[Image courtesy of Tina Jo/Riot Games]

"He's forcing other mid laners to either get better at their role or get better at controlling the map with their role. Bjergsen is very good, even 1v1 his mechanics are amazing and he's a very good player, but the reason why he's so good is because he works very well with his team" - Hai

[source: GameSpot]
  The first truly great import to NA and has been a consistently high-performing mid laner for the vast majority of his career. Although normally Bjergsen wouldn’t qualify for an influential NA player, his length of play in NA (joining TSM to play in the 2014 Spring Split) proves his commitment to the region and his ability to stay at the top, despite new players coming into the scene touting superior mechanics and often falling short in the face of this legendary player. Bjergsen is not only mechanically skilled but it’s the drive he has to consistently become the best player, and therefore stay at the top in NA and at times, having the ability to be considered among the best in the world. As Bjergsen came in to replace Reginald, it was already apparent that he played an aggressive playstyle, and by that display he’s garnered more resources from his teammates, and he’s been one of the first mid laners to demand resources while also using them to secure a victory far more often than not. This has famously lead to TSM prioritizing contesting the enemy blue buff for their mid laner to have the mana advantage, while at the same time using their jungler to keep wards and a pressure advantage for Bjergsen. The style of play that was first developed by Reginald and then perfected by Bjergsen is an achievement in itself, but this later revolutionized how teams in NA played, as they now had to contest the mid lane as a 2v2 rather than 1v1. With the jungler and mid laner trying to gain priority to then carry their advantage to the other parts of the map, this style has been the dominant way to play LoL, and for that we can thank Bjergsen. He cemented the midlane as one of the most impactful roles, a very fitting ideology given the name Team Solo Mid.


"I've always thought that Aphromoo was so important because Aphro became the loudest or second loudest in the room, but he was the one that was a lot more measured[...] I think he was probably one of the only pro players at the time that had great social skills, and that made such a big difference in the team” - Doublelift

[source: Thorin Reflections]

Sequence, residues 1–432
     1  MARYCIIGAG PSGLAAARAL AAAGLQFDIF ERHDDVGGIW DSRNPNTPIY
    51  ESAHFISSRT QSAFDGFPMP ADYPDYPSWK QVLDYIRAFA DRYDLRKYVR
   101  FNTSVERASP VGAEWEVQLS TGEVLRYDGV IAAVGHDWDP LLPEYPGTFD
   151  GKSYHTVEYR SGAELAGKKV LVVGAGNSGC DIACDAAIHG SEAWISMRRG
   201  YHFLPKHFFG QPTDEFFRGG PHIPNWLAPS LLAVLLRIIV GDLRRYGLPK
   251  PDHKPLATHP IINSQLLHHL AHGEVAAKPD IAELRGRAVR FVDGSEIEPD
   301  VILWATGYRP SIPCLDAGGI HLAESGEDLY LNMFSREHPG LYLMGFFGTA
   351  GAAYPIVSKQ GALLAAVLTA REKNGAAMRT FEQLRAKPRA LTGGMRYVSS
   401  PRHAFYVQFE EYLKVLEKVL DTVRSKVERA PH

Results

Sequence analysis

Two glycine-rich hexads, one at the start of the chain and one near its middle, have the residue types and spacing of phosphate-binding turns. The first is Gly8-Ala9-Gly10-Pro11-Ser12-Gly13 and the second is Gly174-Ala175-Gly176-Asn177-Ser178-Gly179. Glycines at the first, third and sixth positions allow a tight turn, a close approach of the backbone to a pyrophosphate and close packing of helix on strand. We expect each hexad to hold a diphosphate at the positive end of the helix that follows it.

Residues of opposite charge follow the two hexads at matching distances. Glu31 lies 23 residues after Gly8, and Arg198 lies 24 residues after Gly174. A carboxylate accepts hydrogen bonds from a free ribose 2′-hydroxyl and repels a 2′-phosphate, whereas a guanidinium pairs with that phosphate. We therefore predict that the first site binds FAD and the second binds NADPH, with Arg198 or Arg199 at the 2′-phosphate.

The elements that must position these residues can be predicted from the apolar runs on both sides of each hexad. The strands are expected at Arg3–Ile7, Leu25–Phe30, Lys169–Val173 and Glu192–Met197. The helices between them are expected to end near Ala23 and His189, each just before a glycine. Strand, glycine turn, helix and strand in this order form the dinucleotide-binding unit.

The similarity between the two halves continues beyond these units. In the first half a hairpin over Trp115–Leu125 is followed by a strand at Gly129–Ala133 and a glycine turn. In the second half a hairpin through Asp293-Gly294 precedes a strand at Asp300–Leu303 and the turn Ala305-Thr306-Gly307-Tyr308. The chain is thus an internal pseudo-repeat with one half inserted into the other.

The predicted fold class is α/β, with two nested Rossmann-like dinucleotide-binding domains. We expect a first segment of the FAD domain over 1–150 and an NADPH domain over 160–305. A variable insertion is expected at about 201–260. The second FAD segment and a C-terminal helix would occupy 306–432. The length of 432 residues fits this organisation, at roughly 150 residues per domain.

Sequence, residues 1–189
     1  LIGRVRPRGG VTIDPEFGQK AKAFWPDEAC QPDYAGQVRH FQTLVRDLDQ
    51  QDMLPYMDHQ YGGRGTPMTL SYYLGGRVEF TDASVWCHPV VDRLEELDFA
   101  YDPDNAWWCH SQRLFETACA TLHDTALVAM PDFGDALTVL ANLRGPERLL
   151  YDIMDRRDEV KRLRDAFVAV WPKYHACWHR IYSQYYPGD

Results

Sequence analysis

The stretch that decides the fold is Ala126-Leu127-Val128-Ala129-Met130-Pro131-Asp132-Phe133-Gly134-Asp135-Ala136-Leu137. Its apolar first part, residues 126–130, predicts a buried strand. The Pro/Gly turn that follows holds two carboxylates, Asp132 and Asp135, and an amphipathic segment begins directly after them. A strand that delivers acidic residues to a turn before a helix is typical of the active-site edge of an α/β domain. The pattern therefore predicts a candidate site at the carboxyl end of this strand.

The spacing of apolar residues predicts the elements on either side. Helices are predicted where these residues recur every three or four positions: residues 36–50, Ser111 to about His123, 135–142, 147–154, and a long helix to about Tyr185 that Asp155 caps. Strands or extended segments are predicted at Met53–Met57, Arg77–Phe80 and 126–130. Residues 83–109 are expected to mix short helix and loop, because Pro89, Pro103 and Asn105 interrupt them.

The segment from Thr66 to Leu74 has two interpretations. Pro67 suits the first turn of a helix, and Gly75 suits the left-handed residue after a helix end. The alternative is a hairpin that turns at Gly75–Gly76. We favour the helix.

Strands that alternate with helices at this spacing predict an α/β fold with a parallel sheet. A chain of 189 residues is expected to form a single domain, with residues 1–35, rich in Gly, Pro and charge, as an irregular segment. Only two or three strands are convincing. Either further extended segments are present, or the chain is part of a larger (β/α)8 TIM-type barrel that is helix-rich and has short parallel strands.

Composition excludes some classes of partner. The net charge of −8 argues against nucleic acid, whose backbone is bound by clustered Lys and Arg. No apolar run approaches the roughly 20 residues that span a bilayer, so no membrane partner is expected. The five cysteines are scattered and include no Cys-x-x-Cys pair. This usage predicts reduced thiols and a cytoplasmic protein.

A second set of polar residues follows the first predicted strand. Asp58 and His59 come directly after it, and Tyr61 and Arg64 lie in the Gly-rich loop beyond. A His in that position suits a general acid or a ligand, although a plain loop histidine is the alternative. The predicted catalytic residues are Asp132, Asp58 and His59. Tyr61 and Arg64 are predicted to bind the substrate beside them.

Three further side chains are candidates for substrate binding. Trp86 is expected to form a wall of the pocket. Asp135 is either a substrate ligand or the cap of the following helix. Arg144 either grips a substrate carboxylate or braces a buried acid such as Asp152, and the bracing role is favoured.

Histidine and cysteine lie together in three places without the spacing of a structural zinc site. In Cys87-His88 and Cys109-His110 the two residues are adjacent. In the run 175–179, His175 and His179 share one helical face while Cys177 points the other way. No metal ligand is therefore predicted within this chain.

Although this name has caused derision in the past year, to dismiss his contribution to LoL because of his recent performance would be an error. Aphromoo has changed how LoL has progressed, both in-game and out of game with strong leadership and an ability to create distinct playstyle characteristics in his team. Starting as an ADC, Aphromoo quickly realized that his ability to synergize with other players through the support role was a greater strength than continuing to play the ADC role, and with this single change it spawned a legend in the age of crucial development for NA. From the meme of “support is so easy”, Aphromoo actually reveals how a support should play the laning phase, something which pro players still have difficulty learning even after a five year example, which is also evident from CoreJJ’s series How To Support. The clearest part of Aphromoo’s strength is his ability to shotcall for his team, having been repeated from various teammates throughout his career. Similar to Hai, Aphromoo has displayed great leadership and the willingness to take ownership when his team needs him to. From his time on CLG to his journey on 100 Thieves, he had to ease into his role as a leader, learning that it wasn’t just making calls, but being emotionally aware and leading discussions outside of the game. When talking about the similarities of Hai and Aphromoo, Meteos said in an interview with The Shotcaller that, “it doesn’t feel like you’re being ordered around, it’s more like you’re being given directions. In that regard, I think they’re similar”. The most popular bot lane for a significant period of time was Rush Hour, comprised of both Doublelift and Aphromoo. During this era, it not only showed the advantages of a bot lane staying together, a true constant that could be relied upon in CLG, but the duo was so famous that allegedly Korean teams would scrim CLG solely for their bot lane. And although Aphromoo isn’t the support people would attest to teaching Doublelift (that right being reserved to Chauster), this is when Doublelift mastered his dominance as a player. Not only has Aphromoo grown and help grow Doublelift into the monster that he is now, but Aphromoo went on to fully train Stixxay and Cody Sun, both formidable ADCs in their respective teams. The final contribution Aphromoo has given to the LoL scene, which is fairly underappreciated, was his time at MSI 2016 with introducing enchanter supports to the global meta. While the original introduction to this meta could be pointed towards Adrian from Immortals, it wasn’t truly caught on from the rest of the world until Aphromoo brought it to an international tournament, pushing CLG all the way to the finals against SKT where they would lose 0-3 to the Korean overlords. This was one of the very rare times NA would influence the global meta to a significant degree, outpacing the other major regions and providing more plays into the playbooks of other teams.